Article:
The priority must surely be to ensure the welfare of all children in poverty, and this national responsibility must not be clouded by subjective judgements about parents' lifestyles.
A positive national strategy is required to deal with child poverty. This must include the safety net of adequate benefits for all parents who are bringing up children.
The strategy must also address ways of enabling families to be as independent as possible, for example through making available good- quality childcare which enables parents to go out to work. Also needed are family support services which recognise the stresses on parents, and aim to prevent problems before they develop. Save the Children has developed a model to build these through local partnerships.
Lone mothers and their children do indeed form a large proportion of those living in poverty in Britain today. Benefits for lone parents are already very low, and the five major children's charities expressed concern in April this year that the Child Support Act would not put a single penny into the pockets of the vast majority of lone parents on the lowest incomes. The benefit which works best to support children's needs is Child Benefit, and its value should be protected and built on.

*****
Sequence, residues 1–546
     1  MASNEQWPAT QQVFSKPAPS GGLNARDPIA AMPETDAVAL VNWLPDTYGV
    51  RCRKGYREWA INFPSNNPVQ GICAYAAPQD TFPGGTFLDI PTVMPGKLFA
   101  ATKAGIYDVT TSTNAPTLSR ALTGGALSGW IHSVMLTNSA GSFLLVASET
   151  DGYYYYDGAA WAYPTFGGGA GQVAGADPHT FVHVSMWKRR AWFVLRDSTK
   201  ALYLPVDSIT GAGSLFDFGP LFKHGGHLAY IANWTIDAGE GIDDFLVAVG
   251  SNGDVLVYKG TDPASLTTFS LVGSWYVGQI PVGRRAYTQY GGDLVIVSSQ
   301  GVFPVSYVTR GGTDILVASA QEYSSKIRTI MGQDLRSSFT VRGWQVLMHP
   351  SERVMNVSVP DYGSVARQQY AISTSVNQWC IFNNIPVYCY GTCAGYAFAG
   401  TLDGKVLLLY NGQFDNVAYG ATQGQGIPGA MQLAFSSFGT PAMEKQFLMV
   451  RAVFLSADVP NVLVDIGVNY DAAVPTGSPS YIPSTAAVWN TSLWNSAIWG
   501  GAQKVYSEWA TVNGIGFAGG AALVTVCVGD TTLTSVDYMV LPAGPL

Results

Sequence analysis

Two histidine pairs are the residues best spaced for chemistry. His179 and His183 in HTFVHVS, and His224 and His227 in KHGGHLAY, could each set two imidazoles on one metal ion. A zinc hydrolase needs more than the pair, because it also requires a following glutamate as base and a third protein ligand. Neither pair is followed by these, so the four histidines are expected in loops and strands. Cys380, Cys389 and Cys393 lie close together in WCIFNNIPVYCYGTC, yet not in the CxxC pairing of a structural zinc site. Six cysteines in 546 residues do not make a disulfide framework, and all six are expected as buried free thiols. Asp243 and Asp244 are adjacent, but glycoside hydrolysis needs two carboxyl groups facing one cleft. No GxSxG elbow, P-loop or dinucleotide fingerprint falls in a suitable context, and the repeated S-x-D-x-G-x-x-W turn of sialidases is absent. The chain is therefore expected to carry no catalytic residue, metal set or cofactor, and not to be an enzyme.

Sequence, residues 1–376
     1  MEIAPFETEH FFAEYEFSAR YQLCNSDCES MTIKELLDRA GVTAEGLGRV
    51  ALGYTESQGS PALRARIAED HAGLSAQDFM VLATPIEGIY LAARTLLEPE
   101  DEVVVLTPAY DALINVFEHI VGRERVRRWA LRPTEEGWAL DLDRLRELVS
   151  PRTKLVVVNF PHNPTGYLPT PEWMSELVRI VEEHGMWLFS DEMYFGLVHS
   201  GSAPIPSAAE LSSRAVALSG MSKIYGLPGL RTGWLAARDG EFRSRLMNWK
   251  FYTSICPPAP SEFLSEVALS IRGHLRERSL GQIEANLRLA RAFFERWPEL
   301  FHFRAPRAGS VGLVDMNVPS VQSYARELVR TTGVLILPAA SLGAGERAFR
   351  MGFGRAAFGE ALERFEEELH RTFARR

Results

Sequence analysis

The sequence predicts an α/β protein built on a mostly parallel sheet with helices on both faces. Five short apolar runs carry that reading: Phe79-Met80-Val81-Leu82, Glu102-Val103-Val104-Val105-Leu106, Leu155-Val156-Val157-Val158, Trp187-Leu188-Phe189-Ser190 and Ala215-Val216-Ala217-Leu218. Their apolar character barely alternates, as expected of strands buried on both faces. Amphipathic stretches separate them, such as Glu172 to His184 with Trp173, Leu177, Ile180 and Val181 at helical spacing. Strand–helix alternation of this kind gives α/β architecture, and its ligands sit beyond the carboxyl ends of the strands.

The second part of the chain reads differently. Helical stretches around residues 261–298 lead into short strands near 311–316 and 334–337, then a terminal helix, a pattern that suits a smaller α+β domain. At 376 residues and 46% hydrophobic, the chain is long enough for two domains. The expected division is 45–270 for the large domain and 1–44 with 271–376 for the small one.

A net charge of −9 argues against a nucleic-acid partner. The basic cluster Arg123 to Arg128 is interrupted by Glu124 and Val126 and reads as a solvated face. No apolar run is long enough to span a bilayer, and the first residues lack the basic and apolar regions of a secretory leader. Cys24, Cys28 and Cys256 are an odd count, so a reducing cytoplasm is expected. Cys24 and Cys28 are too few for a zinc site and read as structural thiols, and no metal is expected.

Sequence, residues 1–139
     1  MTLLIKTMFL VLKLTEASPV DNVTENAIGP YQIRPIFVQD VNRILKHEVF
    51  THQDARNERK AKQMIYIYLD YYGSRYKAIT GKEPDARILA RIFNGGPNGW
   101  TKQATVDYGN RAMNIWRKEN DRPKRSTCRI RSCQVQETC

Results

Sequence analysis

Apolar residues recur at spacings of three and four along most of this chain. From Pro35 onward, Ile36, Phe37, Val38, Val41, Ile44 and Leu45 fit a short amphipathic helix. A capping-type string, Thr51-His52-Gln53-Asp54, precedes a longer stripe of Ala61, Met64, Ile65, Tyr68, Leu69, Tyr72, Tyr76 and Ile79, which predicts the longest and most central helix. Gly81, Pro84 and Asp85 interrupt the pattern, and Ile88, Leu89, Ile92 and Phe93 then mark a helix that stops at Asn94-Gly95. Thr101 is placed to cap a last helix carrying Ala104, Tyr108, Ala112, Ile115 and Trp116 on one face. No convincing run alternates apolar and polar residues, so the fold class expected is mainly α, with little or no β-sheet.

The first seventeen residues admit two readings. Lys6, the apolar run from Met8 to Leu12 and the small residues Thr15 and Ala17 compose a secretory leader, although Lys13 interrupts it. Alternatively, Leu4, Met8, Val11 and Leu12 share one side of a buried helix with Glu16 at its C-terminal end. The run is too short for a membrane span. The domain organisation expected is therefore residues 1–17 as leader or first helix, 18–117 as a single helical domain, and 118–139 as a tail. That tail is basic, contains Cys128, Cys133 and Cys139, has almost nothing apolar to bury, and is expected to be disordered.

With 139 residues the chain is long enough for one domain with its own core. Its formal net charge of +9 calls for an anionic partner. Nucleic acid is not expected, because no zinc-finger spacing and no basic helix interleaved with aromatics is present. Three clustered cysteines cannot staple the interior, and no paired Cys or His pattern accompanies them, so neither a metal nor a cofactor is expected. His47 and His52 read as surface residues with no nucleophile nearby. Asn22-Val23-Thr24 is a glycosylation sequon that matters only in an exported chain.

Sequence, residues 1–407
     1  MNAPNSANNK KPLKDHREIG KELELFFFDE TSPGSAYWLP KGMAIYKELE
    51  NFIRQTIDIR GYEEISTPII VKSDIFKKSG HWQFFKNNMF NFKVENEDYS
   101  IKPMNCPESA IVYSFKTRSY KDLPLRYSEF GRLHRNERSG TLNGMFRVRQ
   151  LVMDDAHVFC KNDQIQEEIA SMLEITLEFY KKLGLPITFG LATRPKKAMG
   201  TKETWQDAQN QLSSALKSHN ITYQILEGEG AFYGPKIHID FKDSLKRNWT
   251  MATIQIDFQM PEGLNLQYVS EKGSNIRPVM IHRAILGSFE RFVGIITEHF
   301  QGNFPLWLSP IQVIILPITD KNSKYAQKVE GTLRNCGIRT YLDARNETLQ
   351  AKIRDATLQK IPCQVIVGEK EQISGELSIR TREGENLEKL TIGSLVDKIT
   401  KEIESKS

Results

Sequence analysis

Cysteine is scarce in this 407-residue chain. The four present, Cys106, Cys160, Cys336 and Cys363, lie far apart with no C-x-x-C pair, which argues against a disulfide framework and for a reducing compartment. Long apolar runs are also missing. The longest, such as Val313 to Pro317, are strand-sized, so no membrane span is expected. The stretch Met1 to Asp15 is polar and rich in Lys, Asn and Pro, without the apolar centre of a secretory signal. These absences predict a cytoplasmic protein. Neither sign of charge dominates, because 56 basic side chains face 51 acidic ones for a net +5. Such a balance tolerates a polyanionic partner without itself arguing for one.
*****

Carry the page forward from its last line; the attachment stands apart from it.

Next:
Let's move the debate away from victim-blaming, and call on the Government to listen to the voices of the children and families who themselves face poverty and discrimination, and to take action on this positive agenda.
Save the Children
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